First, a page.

Lord Irwin evidently does not despair of attracting the more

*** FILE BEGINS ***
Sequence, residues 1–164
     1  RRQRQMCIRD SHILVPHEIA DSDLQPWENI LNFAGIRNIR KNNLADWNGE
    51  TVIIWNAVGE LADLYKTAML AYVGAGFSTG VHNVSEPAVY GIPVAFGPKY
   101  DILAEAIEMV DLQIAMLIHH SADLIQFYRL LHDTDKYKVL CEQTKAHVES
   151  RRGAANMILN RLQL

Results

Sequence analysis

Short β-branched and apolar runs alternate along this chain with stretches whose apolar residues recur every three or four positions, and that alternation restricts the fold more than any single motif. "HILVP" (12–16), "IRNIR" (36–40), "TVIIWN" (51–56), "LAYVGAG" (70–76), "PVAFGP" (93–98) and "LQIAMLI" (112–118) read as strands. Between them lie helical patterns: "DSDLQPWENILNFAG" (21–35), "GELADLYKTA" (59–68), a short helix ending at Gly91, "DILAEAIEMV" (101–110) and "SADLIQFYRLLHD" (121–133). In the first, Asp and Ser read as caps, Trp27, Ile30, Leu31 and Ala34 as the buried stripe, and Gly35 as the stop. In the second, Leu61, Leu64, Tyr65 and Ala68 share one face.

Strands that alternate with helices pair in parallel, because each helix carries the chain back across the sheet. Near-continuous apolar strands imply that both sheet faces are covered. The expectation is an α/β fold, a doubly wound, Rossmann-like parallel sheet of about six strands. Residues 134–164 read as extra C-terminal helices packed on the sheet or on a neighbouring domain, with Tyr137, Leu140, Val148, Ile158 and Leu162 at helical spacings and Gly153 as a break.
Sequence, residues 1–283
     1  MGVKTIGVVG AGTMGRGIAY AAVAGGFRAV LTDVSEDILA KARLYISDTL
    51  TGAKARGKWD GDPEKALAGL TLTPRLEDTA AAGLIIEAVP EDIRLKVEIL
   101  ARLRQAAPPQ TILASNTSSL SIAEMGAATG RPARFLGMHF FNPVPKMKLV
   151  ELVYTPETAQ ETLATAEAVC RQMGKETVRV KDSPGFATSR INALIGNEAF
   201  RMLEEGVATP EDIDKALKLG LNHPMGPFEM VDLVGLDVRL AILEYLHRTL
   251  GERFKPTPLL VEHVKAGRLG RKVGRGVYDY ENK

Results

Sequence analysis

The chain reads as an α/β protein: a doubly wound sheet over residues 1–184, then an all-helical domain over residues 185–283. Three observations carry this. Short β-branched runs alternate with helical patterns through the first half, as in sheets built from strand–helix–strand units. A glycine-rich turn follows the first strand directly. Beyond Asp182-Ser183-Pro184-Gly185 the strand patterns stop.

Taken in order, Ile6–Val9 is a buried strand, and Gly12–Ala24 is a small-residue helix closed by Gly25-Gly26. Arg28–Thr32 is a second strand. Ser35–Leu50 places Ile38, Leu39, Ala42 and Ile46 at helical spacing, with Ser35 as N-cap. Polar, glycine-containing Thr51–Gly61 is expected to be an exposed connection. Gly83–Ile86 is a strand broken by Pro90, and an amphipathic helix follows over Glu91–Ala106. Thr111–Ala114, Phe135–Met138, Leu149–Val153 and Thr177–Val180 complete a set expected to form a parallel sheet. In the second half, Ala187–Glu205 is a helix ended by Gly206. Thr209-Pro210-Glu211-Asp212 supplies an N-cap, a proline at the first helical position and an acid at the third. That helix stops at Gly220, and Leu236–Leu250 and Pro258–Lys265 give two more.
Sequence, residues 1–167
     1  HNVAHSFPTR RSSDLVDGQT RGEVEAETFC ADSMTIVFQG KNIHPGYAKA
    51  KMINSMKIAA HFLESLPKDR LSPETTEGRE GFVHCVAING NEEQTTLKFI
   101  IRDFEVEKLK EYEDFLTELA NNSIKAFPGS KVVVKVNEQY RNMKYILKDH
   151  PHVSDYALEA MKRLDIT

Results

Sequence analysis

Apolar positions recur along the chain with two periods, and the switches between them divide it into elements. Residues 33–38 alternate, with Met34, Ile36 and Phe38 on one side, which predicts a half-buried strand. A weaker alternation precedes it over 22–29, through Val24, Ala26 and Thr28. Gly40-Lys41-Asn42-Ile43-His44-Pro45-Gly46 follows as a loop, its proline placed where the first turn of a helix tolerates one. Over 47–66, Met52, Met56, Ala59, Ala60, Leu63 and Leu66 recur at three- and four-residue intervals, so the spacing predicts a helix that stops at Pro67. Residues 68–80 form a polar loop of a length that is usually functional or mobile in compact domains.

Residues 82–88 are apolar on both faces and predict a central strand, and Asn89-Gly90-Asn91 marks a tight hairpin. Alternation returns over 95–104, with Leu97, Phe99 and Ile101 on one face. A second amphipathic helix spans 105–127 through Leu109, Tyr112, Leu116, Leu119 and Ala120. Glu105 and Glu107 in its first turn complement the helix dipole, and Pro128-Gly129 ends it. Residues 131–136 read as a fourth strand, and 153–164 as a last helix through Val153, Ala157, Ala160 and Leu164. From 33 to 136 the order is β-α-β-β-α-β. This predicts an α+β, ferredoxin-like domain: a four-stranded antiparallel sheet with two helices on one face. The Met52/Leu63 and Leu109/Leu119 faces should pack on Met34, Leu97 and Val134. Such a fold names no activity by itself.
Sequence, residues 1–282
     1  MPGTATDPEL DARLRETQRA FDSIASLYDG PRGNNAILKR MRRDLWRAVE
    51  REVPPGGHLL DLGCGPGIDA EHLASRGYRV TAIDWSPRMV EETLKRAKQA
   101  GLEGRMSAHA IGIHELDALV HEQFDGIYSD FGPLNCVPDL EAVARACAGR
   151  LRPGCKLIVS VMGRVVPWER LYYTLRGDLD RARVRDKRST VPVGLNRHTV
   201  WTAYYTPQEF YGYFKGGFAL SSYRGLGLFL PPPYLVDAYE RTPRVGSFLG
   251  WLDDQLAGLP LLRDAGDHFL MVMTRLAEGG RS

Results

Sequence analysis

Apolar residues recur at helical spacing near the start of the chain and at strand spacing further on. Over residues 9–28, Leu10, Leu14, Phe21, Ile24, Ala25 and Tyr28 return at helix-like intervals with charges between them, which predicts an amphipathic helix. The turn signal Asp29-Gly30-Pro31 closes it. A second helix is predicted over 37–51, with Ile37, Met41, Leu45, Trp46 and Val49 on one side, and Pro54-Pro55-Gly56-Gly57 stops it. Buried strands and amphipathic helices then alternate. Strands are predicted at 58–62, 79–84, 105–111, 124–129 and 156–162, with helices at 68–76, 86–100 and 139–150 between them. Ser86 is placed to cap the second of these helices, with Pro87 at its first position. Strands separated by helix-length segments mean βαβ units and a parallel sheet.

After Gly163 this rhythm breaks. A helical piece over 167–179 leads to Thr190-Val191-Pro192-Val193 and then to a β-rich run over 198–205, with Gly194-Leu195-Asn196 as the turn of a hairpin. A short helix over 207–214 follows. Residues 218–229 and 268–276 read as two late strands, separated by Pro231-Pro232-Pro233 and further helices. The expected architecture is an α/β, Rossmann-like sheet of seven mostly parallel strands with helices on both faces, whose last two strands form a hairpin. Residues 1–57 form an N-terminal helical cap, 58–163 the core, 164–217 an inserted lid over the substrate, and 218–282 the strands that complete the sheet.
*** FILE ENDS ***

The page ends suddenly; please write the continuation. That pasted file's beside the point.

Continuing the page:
reasonable Indian leaders to the policy of con- ciliation and conference. He already has the support of the Mohammedans who follow Mr. Jinnah, besides the Liberals and moderates. As the leader of the Servants of India suggests, the forthcoming All-Parties Conference offers the opportunity of a general rapprochement, and we are confident that Lord Irwin will bear in mind the hint of Mohammed Ali, Chief of the Khilafat Party, in his letter of April 15th against allowing "considerations of prestige" on either side to block the way. Inflammatory articles such as that of Lord Brentford in the Daily Mail on Wednesday cannot be evaluated so easily in India as they are here. It is well to remember that the lack of understanding in the London Press as a whole after the Viceroy's declaration in November was among the influences which created the present serious situation.